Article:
Truffles everywhere, just not in Sonoma County – yet

Could this year be the year that California’s Wine Country produces its first cultivated black truffle?

That was the burning question on everyone’s mind at the 6th annual Napa Truffle Festival in mid-January, when truffle lovers gathered in the Napa Valley for a long weekend of scientific workshops and culinary adventures hosted by the American Truffle Company (ATC).

“Where are the truffles?,” asked one of the festival-goers gathered at well-known vintner Robert Sinskey’s vineyard in the Carneros region for an orchard tour and truffle dog demonstration.

The anticipation was fueled by an article published in September by Forbes, speculating that the annual festival may soon celebrate the discovery of the first truffle growing underground at Sinskey’s orchard in southern Sonoma.

The 5-year-old orchard at Scintilla Vineyard was the first winery property in California to join the American Truffle Company’s grower-partnership program. Since then, other local vintners and growers have joined the effort, including Peju Province Winery in Rutherford.

This year, Sinskey’s oak and hazelnut orchard has reached the pivotal point of 5 to 7 years, when orchards are expected to start to produce truffles. Dogs trained to sniff out the aromatic truffles had reportedly started to sense activity in the orchard’s underground mycelium, the part of the fungus that consists of branching, thread-like hyphae.

As for that rhetorical question – Where are the truffles? – Sinskey replied optimistically, “Any day now.”

During the orchard tour, the truffle dogs were asked to demonstrate their olfactory prowess by rooting out tiny vials of truffle oil, made from the black, Périgord winter truffles that are generally harvested from late December through March. (The orchard also includes trees inoculated with the Burgundy black summer truffles, which are harvested from September through December.)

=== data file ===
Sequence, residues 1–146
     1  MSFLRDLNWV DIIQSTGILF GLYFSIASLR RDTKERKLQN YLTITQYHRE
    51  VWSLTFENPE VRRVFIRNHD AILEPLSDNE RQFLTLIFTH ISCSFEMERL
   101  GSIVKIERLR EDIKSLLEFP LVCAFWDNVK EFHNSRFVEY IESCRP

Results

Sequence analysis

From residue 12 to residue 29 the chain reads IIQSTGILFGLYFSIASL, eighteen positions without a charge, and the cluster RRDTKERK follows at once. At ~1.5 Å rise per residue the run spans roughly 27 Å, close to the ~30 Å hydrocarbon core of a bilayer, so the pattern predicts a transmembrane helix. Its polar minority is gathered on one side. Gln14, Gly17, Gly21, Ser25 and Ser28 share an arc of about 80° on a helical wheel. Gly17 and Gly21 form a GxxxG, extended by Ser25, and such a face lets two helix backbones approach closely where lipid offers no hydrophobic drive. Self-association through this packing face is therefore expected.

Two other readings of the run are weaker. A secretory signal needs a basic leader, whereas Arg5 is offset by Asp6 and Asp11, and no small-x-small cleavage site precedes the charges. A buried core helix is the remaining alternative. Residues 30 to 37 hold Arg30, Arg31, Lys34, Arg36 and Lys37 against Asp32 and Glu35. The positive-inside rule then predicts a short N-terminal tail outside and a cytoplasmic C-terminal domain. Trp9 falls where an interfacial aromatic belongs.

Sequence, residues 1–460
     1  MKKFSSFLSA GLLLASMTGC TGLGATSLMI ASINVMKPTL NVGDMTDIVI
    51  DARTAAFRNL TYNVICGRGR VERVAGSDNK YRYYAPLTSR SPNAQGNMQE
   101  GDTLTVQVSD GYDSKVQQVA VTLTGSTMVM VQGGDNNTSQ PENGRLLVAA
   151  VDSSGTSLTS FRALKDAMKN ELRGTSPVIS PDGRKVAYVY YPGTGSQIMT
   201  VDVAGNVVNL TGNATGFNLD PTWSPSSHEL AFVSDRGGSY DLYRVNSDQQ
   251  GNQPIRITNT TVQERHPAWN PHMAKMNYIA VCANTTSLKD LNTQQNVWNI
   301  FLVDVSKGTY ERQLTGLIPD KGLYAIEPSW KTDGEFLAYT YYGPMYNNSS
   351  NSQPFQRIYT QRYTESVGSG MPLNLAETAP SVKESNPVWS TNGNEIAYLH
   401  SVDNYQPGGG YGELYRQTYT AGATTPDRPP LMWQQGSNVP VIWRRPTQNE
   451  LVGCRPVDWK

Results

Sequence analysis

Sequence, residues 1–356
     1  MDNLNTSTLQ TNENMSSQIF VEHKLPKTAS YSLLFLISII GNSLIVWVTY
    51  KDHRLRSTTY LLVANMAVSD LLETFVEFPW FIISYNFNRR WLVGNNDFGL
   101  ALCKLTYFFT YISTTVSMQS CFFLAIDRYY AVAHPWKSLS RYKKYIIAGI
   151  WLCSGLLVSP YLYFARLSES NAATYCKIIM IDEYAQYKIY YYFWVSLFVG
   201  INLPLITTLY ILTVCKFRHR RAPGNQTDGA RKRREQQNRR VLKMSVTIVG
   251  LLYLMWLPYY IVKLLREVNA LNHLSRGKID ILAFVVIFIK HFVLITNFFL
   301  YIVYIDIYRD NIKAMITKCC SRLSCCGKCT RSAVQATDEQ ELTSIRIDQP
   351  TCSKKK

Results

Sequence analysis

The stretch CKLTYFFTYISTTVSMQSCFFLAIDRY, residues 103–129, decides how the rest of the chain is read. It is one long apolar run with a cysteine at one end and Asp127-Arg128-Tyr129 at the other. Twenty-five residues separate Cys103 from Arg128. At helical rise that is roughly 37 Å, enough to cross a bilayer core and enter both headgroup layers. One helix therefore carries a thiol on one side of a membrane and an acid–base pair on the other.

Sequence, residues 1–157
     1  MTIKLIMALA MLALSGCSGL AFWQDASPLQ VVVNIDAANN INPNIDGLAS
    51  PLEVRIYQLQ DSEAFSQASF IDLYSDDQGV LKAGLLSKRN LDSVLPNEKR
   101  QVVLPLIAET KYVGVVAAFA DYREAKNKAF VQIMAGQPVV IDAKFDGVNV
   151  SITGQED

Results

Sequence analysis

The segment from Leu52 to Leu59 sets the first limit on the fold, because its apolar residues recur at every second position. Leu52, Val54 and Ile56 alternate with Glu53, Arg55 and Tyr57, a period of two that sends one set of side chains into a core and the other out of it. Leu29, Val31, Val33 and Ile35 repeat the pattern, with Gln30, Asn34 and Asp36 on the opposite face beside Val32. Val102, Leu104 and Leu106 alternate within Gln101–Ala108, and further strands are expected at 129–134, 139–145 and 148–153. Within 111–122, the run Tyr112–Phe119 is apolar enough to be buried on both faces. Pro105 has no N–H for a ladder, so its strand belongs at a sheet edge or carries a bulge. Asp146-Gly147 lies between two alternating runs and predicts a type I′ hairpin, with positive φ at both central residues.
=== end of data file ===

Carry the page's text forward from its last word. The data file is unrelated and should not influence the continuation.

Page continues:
So what’s the big deal about these aromatic truffles, famously described by French gourmet Jean Anthelme Brillat-Savarin as “the diamond of the kitchen?”

The lumpy, fruiting bodies of the subterranean fungi are so costly and extravagant that only the top tier of restaurant chefs in the U.S. can afford to use them, and because they are so rare, demand tends to outpace supply. The black Périgord truffle prices range from $800 to $1,200 a pound, while the Burgundy summer truffles range from 300-$400 a pound.

Truffles have been successfully cultivated in many parts of the world for more than 50 years, including France, Italy, Spain and Australia. The truffles at this year’s festival came from a trusted truffle purveyor from Italy, who also sourced a few Italian chefs.

So why not just continue to import truffles? The reason lies in the connection between freshness and flavor.

“Truffles have a half life of 4 to 5 days.” said Robert Chang of San Mateo, managing director of the ATC. “The aroma starts disintegrating, so after that, you’ve lost a third to a half of the aroma.”

If you’re eating an imported truffle, it’s probably at least four to six days after it’s been harvested, meaning it’s past its prime.

However, once one of the ACT’s grower partners in Wine Country starts to produce - and hope still springs eternal at the Sinskey property - Chang said he has a system in place to get the truffles to La Toque in downtown Napa in 20 minutes, or anywhere in the U.S. within 10 hours. That will preserve their bold but fleeting flavor.

“It’s so alluring for the chefs to have a local source,” Chang said. “And we can harvest almost on demand.”

Chang, who was educated as an electrical engineer, was working as a product manager and marketing executive in Germany when he tasted his first black, Périgord truffle, named after the southwest region of France where they grow so well.